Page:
Nothing is known of the effects of cannabinoids on oligodendroglia. In the light of the clinical and experimental evidence suggesting the beneficial effects of cannabinoids in MS, investigations in this direction appear promising.

Future trends

A growing number of strategies for separating the sought-after therapeutic effects of cannabinoid receptor agonists from the unwanted consequences of CB1 receptor activation are now emerging. However, further improvements in the development of selective agonists and antagonists for CB1 and CB2 receptors are needed. This would allow for the refinement of cannabinoids with good therapeutic potential and would facilitate the design of effective therapeutic drugs from the cannabinoid family. Customized delivery systems are also needed; as the cannabinoids are volatile, they will vaporize at a temperature much lower than actual combustion. Thus heated air can be drawn through marijuana and the active compounds will vaporize and can easily be inhaled. Theoretically this removes most of the wealth hazards of smoking, although this has not been well studied. Recently, pharmacologically active, aerosolized forms of THC have been developed. This form of administration is achieved via a small particle nebulizer that generates an aerosol which penetrates deeply into the lungs.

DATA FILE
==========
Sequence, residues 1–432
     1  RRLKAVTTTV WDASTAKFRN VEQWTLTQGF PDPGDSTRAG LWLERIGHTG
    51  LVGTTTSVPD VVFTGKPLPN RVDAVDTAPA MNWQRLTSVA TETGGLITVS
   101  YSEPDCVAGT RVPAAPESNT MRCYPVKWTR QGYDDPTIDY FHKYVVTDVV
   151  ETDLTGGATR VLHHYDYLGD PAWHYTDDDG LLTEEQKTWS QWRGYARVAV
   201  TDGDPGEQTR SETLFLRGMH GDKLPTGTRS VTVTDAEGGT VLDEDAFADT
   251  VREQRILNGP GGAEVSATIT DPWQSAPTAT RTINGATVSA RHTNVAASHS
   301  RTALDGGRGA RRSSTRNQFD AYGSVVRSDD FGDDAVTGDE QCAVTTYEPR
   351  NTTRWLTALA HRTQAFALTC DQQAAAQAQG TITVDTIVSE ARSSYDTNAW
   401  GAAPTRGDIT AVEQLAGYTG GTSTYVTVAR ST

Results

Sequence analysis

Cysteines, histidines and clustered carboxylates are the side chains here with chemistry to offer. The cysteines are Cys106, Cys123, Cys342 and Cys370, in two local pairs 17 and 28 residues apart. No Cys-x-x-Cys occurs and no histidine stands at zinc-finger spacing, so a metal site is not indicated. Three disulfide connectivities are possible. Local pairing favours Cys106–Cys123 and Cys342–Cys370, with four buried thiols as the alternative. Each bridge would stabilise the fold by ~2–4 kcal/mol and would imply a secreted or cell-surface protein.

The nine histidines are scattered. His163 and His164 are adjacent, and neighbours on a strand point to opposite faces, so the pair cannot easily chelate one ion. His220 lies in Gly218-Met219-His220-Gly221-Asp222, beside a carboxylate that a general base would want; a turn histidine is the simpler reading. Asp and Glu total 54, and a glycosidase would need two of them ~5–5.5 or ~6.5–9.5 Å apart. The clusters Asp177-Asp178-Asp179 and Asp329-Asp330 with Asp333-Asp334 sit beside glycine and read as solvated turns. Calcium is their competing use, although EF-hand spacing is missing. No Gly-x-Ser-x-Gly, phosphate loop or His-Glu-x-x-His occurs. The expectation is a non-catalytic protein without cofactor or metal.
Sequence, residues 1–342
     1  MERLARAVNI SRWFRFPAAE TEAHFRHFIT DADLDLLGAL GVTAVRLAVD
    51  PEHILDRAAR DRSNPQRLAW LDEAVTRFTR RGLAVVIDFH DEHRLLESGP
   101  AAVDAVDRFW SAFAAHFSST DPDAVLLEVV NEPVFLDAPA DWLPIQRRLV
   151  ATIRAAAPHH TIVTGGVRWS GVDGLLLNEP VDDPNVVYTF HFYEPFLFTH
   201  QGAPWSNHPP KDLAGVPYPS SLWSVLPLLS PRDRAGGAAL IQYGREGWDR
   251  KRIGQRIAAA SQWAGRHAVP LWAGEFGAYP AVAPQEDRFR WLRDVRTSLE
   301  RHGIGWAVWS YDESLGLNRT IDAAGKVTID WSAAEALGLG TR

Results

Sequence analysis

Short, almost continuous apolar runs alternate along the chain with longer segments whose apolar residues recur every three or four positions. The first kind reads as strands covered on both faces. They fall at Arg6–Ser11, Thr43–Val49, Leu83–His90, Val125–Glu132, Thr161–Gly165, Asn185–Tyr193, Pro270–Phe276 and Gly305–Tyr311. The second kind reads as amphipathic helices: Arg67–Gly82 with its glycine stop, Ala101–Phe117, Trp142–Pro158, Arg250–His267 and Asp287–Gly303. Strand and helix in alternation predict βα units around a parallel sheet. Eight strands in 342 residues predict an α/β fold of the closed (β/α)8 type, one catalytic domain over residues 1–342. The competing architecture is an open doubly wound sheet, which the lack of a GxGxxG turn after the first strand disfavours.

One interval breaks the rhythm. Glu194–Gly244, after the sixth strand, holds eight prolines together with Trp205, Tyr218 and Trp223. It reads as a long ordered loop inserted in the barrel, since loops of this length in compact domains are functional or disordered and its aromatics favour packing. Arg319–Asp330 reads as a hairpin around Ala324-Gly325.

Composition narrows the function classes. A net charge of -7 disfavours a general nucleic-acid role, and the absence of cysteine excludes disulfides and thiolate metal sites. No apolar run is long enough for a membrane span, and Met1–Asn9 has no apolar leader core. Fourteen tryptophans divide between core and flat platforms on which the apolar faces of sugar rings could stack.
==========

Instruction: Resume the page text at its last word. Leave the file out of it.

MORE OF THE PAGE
From a regulatory perspective, the scientific process should be allowed to evaluate the potential therapeutic effects of cannabis, dissociated from the societal debate over the potentially harmful effects of non-medical marijuana use. This class of compounds not only holds tremendous therapeutic potential for neurological disease but is also confirmed as having remarkably low toxicity. Source.

Benefits of Cannabis Use

December 2, 2009 – New Jersey is poised to become the next state to allow residents to use marijuana, when recommended by a doctor, for relief from serious diseases and medical conditions.

The state Senate has approved the bill and the state Assembly is expected to follow. The legislation would then head to the governor’s office for his signature.

Gov. Jon Corzine, the Democrat who lost his re-election bid last month, has indicated he would sign the bill if it reaches his desk before he leaves office in January. It would likely be one of Mr. Corzine’s last acts before relinquishing the job to Republican Chris Christie.

Mr. Christie has indicated he would be supportive of such legislation, but had concerns that one draft of a bill he read didn’t have enough restrictions, a spokeswoman said.

The bill has been endorsed by the New Jersey Academy of Family Physicians and the New Jersey State Nurses Association.

Some lawmakers oppose the legislation, saying they fear the proliferation of marijuana dispensaries, as in California, where medical marijuana is legal. “It sends a mixed message to our children if you can walk down the street and see pot shops,” said Republican Assemblywoman Mary Pat Angelini.

Federal law bars the use of marijuana. But legislatures in several states, including California, Colorado, Michigan, New Mexico, Rhode Island and Vermont, permit use of the drug for medical purposes. Attorney General Eric Holder said earlier this year that federal prosecutors wouldn’t prosecute people complying with state medical marijuana laws.